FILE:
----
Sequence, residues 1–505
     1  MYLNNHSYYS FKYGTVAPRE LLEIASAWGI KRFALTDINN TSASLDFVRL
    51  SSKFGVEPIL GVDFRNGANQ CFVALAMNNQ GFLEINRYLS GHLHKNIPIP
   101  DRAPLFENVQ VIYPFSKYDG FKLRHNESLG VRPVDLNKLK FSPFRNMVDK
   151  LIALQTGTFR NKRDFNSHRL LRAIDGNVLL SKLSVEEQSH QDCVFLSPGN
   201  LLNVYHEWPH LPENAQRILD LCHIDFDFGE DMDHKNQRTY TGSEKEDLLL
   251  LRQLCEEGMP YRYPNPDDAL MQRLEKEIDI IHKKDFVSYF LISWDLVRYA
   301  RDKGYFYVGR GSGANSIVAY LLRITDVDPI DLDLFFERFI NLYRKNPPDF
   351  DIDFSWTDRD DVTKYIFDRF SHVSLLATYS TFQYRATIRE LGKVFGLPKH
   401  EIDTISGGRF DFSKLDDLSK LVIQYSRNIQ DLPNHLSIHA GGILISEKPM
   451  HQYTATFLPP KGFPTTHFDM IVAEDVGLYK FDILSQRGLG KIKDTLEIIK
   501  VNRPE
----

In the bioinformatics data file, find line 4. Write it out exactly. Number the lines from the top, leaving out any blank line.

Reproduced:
   101  DRAPLFENVQ VIYPFSKYDG FKLRHNESLG VRPVDLNKLK FSPFRNMVDK